CPD Classics: The Breakfast Club (1985) Review

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The Breakfast Club (1985)

Directed by John Hughes

Written by John Hughes

Starring:
Emilio Estevez
Anthony Michael Hall
Judd Nelson
Molly Ringwald
Ally Sheedy
Paul Gleason
John Kapelos
John Hughes (uncredited – as Mr Johnson)

Running time: 97 minutes

Plot Synopsis: (via Wikipedia)
The Breakfast Club storyline follows five teenagers, each a member of a different high school clique, who spend a Saturday in detention together and come to realize that they are all more than their respective stereotypes, while facing a villainous principal.

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My Opinion:

I figured I should end this blogathon with my review of my very favorite John Hughes movie: The Breakfast Club. So don’t worry everyone – THIS IS THE FINAL REVIEW OF THE JOHN HUGHES BLOGATHON. (Unless I quickly watch the DVD I just received in the mail). 😉

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As always, I struggle the most when writing about the films that I really love. What is it about The Breakfast Club? Why do so many people of my generation hold this movie so dear? (And some from a whole new generation. Or two. Or three. HOW many generations have there been since I was a teenager?? Man I’m old…). All I know is that we have John Hughes to thank for it. The actors chosen all did a great job and everything but it’s the writing of John Hughes that really spoke to teenagers everywhere. And he’s never been bettered. Why can’t they make teen movies like these anymore?

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For me, I could really relate to The Breakfast Club because it felt EXACTLY like my high school. My high school was also very small, in the Midwest (not far from where the fictional Shermer, Illinois would be), and it was full of cliques. And the thought of a group of teens from these different worlds coming together and finding that they had a lot more in common than they realized was such a lovely thought. Okay – I’m not completely sure how realistic THAT was but it was still great watching the relationships develop between the characters in this movie.

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Most of all, it was seeing that each of these teens had their own problems & fears (even the popular princess & the athlete!). And having five such different characters meant that every teen watching would be able to relate to at least one of them. Me? I was a combination of the basket case, the brain, and a tiny bit of the princess. My boyfriend was the criminal (Totally. He even looked a bit like John Bender). So the one I could relate to the least was the athlete (But this was probably the largest social group in my school. Stupid sports! I sucked at sports. I had no chance of being popular!). Well, I was a cheerleader. Shh – don’t tell anyone that. How freaking embarrassing… Rah rah rah and all that bullshit. Blech!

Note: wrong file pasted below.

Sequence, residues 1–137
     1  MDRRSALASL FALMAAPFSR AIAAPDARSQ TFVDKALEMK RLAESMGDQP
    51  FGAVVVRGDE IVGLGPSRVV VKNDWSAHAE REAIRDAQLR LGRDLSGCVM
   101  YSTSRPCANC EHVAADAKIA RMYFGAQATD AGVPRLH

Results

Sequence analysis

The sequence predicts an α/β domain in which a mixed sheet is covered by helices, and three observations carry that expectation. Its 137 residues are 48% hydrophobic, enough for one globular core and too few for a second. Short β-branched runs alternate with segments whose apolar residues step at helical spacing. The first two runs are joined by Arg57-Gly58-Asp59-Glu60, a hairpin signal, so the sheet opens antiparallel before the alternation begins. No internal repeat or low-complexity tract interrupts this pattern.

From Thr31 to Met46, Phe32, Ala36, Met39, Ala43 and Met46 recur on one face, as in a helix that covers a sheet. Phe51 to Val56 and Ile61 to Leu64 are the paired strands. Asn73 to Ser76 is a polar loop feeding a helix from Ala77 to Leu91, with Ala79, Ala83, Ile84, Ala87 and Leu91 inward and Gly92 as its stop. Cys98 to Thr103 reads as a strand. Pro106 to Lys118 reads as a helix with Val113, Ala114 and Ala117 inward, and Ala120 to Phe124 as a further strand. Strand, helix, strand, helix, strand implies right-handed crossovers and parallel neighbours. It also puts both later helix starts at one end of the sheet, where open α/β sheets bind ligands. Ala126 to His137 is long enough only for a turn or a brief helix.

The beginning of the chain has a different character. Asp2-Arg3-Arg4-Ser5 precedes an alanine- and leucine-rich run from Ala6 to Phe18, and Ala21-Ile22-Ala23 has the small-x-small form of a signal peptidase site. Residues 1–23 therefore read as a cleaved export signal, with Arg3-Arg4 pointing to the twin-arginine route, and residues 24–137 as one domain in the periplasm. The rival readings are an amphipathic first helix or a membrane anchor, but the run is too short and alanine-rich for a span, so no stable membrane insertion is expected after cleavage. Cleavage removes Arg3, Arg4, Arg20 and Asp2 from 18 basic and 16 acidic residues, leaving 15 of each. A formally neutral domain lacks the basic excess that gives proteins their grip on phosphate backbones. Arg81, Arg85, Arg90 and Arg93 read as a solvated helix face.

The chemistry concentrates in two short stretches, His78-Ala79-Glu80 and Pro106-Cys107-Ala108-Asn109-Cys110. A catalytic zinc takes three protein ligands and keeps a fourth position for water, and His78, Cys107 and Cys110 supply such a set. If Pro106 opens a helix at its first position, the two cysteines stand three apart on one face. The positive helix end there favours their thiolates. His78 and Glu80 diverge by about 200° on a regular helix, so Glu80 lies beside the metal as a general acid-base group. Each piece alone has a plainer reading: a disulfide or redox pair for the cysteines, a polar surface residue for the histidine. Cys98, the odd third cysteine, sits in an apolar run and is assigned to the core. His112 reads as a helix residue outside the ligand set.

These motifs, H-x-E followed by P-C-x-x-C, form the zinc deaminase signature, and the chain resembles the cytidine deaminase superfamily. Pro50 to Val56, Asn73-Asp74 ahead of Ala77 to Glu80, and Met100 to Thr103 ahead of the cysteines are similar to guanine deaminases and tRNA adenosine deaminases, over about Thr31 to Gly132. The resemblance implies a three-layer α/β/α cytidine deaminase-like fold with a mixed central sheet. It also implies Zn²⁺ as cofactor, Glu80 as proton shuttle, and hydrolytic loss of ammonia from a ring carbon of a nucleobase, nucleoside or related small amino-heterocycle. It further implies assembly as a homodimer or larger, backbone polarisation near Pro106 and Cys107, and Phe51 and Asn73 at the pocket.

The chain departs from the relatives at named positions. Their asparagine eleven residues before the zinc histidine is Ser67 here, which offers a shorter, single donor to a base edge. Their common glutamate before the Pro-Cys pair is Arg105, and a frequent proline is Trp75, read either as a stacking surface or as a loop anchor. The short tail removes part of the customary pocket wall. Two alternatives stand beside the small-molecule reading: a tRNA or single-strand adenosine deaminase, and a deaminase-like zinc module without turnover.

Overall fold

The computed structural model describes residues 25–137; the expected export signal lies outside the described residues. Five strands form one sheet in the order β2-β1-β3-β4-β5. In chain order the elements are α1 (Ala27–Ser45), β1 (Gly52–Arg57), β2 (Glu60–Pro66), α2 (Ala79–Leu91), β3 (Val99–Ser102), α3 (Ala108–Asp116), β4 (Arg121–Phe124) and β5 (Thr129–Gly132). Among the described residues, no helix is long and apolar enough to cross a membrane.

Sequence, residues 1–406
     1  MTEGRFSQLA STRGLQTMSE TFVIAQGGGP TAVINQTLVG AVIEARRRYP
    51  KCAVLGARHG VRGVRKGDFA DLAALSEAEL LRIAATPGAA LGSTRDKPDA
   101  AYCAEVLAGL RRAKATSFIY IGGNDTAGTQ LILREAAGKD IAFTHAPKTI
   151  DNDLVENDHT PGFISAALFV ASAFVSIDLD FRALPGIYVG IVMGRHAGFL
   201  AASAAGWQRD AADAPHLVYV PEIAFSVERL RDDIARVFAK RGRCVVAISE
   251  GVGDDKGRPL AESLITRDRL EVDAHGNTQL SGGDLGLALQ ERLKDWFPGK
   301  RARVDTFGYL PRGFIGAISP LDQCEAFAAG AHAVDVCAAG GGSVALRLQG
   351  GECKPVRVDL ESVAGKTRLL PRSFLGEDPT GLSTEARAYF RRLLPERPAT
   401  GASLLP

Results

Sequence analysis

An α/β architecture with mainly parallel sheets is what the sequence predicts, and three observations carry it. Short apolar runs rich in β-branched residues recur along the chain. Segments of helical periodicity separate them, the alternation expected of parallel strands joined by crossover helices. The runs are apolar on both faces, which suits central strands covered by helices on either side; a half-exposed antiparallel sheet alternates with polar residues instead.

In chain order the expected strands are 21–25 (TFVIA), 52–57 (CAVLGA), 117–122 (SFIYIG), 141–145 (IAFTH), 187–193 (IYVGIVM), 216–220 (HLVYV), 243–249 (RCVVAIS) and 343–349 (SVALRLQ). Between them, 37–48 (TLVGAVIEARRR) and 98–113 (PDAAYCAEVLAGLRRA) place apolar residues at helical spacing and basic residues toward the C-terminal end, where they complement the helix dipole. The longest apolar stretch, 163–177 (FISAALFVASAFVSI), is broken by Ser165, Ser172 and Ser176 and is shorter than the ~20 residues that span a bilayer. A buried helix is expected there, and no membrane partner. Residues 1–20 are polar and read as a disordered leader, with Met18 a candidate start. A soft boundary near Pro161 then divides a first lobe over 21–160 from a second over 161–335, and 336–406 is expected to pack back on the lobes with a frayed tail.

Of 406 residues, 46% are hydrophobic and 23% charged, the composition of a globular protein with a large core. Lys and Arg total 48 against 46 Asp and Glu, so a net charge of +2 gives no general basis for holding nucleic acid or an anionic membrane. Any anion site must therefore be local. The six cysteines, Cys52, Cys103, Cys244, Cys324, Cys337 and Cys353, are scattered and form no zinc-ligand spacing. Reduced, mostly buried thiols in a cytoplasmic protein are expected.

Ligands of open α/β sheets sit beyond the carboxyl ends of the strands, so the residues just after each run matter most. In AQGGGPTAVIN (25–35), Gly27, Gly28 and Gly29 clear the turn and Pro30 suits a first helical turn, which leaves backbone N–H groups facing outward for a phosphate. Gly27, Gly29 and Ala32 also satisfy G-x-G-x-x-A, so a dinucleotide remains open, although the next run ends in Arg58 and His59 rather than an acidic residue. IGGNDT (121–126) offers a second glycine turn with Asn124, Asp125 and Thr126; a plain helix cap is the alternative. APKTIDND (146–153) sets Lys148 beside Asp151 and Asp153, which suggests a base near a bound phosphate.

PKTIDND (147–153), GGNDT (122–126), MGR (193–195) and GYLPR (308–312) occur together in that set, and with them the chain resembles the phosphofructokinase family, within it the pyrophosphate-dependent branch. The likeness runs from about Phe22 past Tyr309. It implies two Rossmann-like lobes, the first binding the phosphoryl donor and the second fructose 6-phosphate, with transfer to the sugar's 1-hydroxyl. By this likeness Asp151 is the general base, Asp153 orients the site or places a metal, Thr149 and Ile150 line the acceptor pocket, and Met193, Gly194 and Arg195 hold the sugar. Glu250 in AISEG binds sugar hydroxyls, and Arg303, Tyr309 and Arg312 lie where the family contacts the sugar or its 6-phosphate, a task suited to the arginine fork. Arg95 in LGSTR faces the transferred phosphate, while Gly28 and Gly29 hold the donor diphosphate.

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Summary:

The Breakfast Club “spoke” to me as a teenager the way it did to countless teens then and even to some of them today. It made me feel like maybe I wasn’t so different after all. We all have the same thoughts and fears and we all just want to belong, whether we admit to it or not. John Hughes knew exactly what was in a teenager’s heart and mind and was able to beautifully capture this in the teen movies that he wrote. This is the most apparent in The Breakfast Club, which is why it’s my favorite John Hughes film and a CPD Classic.

My Rating: 9.5/10

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12 thoughts on “CPD Classics: The Breakfast Club (1985) Review

    • Stop picturing me in the outfit.

      Haha! I can’t believe I got three freaking comments on this review. And two are you & Mike picking out just the cheerleader bit. I should use “cheerleader” as a tag in all my reviews – maybe people will start reading my shit again. ; )

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  2. Whatta classic. A bit dated in spots and pieces, but overall, taken in when it was made and what it was trying to say, it still works as well today, as it did way back when. Good review.

  3. Favorite Hughes film and a CPD Classic? I buy it. One of my favorites, too. I wasn’t an athlete, not in the least, but honestly, he’s the one I always liked the most. Partially because I think Estevez crushes the role. But partially because Andrew Clark is the first character I can remember making me realize just how complicated human beings can be, no matter their public behavior and reputations. He is so very layered, as are all of the characters. But, as a teenager, I already knew Basket Cases, Brains and Criminals were complicated (because I was a little bit of each of them and had friends who were a lot bit of one or the other). And I had dated enough Princesses to know the same about them.

    Jocks, though? Before this movie, I thought they were a-holes.

    • Yay! Glad you love this one too. I got so few comments I wondered if anyone agreed. ; ) Yeah – I always identified with athletes the least. Agree it was great seeing that SOME maybe did have feelings. (But, to be honest, the jocks in my school weren’t deep – they actually were assholes) ; ) The Andrew character is great, though. They all are. I think the film is just as valid today. : )

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